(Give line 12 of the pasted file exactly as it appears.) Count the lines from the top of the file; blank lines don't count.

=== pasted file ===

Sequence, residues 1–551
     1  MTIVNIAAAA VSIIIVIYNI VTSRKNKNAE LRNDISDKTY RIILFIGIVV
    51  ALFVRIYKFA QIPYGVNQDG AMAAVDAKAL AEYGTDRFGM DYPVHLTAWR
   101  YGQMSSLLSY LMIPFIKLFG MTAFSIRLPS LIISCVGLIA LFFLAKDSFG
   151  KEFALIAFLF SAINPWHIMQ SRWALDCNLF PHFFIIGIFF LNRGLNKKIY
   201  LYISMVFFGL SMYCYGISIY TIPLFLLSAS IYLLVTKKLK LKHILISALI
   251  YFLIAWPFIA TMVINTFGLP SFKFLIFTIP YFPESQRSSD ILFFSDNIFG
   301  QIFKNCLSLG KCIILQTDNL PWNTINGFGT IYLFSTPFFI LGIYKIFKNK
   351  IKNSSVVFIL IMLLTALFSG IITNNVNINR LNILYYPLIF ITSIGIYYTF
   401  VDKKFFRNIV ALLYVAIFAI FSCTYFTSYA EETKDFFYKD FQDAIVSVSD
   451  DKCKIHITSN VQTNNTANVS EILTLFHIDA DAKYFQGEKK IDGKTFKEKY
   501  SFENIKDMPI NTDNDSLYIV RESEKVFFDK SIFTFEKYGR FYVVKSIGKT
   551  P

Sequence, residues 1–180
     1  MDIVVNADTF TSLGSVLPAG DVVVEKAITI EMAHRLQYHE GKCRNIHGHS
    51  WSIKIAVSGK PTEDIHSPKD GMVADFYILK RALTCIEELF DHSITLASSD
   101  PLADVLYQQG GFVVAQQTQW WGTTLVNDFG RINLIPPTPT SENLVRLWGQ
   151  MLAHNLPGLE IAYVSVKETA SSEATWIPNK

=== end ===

   501  SFENIKDMPI NTDNDSLYIV RESEKVFFDK SIFTFEKYGR FYVVKSIGKT